On the western foothills of the Golan Heights, in Israel, archaeologists have uncovered the remains of two adults and a child in one of the largest dolmens ever discovered in the region.
This monumental megalithic burial dates back to around 4,000 years ago and could rewrite a period of history in the Levant known as the 'Dark Ages' (between 2350 and 2000 BCE).
Not much is known today about the communities that lived there at this time, between the collapse of the Early Bronze Age urban society and before the establishment of Middle Bronze Age cities.
Indeed archaeologists have not found significant settlements, and they believe that these societies were organised as nomadic, tribal social groups inhabiting rural villages with no central governmental system.
However, these communities have left vast and impressive burial grounds, scattered across the whole of the Southern Levant, including fields covered with enigmatic megalithic dolmens. A recent survey has shown that in the Golan Heights alone, approximately 5,200 structures defined as megalithic burials were identified – most of them dolmens.
These structures are among the most prominent but also the least understood of these 'Dark Ages', and they could be crucial to understanding this period.
Dolmen burial and rock art
In 2012, a team led by Gonen Sharon (Tel-Hai College) decided to find out more and conduct in-depth excavations at the Shamir Dolmen Field, which comprises over 400 dolmens. Their complete findings are now published in the journal Plos ONE.
The team was particularly intrigued by strange rock art engravings on the ceiling of the central chamber of one of the largest dolmen at the site – one of the largest in the entire southern Levant.
This mysterious multi-chambered dolmen has been dated to the Intermediate Bronze Age – the 'Dark Ages'. It is covered by a basalt capstone weighting around 50 tons. The archaeologists' work has revealed a number of burials below it, of both adults and children. This type of multi-burial in dolmens had rarely been seen before in the region.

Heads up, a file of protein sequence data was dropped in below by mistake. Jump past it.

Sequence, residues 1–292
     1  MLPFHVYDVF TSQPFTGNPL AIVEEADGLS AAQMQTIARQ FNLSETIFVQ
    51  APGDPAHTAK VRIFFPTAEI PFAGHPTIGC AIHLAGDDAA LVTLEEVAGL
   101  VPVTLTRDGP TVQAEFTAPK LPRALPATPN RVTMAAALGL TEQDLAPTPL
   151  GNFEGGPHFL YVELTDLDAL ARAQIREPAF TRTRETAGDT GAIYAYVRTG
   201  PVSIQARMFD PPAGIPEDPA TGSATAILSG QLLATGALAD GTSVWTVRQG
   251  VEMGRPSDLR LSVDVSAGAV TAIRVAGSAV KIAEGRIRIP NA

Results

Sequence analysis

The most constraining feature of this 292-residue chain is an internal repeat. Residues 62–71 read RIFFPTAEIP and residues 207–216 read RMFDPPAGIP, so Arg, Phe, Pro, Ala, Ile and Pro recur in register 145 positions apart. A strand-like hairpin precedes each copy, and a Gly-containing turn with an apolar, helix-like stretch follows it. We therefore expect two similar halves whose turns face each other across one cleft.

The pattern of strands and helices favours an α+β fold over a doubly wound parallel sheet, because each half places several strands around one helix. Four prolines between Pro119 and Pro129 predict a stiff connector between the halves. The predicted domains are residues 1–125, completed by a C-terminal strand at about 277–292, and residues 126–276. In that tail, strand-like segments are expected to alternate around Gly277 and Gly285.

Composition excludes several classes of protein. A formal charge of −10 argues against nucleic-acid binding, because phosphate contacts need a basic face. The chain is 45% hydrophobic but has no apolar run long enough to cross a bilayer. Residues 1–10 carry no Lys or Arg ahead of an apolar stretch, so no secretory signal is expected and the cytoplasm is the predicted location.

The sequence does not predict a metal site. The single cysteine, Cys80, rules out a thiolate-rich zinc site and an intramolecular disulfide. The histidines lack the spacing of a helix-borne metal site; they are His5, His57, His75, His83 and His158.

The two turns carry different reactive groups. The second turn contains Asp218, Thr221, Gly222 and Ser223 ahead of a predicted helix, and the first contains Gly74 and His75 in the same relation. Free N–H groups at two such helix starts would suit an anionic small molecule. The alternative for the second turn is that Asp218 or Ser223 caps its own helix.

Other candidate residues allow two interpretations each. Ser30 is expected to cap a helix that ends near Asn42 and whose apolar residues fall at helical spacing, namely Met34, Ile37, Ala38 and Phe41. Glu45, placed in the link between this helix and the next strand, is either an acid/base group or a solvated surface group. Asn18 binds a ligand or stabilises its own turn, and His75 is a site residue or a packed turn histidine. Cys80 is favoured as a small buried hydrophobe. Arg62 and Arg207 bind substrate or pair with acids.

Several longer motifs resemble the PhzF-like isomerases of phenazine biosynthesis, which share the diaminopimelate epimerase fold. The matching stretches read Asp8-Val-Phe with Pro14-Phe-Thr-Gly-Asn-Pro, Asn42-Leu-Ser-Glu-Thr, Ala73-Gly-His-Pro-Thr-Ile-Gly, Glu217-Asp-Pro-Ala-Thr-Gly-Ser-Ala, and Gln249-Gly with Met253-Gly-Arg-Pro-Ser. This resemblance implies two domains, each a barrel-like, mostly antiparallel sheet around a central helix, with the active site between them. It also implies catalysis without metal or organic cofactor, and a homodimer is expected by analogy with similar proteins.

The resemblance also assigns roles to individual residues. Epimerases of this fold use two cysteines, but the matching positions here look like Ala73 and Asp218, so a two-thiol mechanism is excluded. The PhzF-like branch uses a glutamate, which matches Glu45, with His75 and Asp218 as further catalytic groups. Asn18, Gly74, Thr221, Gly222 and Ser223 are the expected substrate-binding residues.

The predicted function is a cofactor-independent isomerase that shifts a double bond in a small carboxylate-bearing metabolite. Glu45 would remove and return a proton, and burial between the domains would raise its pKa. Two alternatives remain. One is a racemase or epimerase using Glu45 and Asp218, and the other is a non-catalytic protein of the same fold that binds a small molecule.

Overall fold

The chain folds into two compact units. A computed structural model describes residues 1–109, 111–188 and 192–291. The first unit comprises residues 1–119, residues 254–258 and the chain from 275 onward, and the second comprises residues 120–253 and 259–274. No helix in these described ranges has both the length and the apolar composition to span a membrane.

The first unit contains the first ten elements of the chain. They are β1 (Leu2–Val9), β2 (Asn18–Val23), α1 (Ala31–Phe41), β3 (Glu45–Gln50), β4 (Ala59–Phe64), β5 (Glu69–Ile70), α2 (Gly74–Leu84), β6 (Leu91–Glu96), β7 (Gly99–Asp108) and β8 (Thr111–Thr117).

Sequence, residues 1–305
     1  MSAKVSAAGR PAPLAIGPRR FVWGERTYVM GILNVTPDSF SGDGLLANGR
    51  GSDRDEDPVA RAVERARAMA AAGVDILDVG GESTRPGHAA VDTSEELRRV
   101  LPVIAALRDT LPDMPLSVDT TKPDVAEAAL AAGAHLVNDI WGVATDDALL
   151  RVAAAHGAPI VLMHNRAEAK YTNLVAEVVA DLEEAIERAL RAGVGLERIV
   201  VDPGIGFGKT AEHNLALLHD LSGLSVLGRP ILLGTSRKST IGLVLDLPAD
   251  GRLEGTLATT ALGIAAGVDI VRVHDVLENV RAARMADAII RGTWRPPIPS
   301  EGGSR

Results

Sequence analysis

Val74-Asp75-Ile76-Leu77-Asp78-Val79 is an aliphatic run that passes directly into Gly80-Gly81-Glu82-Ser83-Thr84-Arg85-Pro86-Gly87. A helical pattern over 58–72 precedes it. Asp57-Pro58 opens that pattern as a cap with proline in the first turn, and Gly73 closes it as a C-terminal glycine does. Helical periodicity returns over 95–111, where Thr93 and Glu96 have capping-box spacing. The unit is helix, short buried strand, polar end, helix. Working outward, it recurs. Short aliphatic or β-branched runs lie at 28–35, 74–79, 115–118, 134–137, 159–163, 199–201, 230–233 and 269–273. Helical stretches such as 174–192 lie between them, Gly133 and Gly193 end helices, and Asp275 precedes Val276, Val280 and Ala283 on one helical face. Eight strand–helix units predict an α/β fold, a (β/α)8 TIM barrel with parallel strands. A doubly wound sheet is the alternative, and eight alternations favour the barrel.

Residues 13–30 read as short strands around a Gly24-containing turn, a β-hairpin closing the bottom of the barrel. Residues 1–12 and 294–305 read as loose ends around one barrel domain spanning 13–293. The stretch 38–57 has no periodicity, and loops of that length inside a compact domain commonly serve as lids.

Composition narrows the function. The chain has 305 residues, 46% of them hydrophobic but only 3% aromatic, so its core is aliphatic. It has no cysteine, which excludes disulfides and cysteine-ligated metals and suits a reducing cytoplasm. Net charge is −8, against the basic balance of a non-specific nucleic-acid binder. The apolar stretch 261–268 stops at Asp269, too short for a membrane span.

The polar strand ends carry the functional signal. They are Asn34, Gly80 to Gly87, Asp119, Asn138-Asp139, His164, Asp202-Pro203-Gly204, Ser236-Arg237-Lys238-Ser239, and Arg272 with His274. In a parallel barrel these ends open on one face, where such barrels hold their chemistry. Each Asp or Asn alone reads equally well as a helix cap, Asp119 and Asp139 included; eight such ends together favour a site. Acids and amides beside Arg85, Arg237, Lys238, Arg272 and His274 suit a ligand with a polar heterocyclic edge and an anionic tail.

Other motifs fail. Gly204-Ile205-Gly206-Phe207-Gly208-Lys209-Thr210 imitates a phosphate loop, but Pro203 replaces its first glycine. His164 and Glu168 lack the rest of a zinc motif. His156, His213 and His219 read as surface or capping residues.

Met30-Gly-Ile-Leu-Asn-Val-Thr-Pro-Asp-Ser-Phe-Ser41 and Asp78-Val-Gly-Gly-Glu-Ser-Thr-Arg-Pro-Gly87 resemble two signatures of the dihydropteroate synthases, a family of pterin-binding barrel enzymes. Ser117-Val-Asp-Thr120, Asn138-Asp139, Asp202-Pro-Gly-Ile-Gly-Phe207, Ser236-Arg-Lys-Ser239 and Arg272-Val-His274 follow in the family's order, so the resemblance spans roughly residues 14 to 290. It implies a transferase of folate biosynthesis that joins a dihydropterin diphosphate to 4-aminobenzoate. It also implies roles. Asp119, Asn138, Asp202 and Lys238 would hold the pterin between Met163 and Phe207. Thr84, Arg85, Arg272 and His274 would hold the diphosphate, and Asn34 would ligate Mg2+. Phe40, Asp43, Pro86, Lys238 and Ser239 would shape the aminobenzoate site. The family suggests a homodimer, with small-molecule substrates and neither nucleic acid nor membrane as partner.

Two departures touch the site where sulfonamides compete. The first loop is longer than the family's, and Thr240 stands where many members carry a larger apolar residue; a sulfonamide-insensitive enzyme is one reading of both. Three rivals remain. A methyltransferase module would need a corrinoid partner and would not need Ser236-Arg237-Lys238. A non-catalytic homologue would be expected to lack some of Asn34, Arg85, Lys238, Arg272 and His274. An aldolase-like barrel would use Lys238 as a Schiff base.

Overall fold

They also looked at the strange engravings on the ceiling of the dolmen chamber. Representing vertical lines and down-turned arcs, these motifs are abstract in nature. Although there are hard to date, the archaeologists say they were created at the same time as the construction of the dolmen, suggesting they had a meaning for the people who made these lines in the rock.
The archaeologists have identified a number of ceramics, colourful beads and human bones buried a few centimetres below the surface of the soil. They were surprisingly well preserved, and an analysis of the remains suggests that at least three individuals were buried there – an adult male and female and a young child.
So far, the archaeologists have been unable to conclude whether these burials were found as they were first placed or whether they were disturbed by later, secondary burials, as the presence of beads dating from a later period seems to indicate.
What they were able to tell, however, is that these sophisticated, massive megalithic burials challenge traditional perceptions of the 'Dark Ages' societies as small and nomadic. "Building of the Shamir dolmens required a tremendous amount of labour, architectural mastery and complex socio-economic organisation well beyond the capacity of small, rural nomadic groups", the authors write.
The people who lived in the Golan Heights and who built the mysterious dolmens – which appear central to their funerary rites – were probably organised according to a hierarchical, complex, non-urban governmental system, with well-defined customs. This work thus rewrites the narrative of the southern Levant 'Dark Ages'.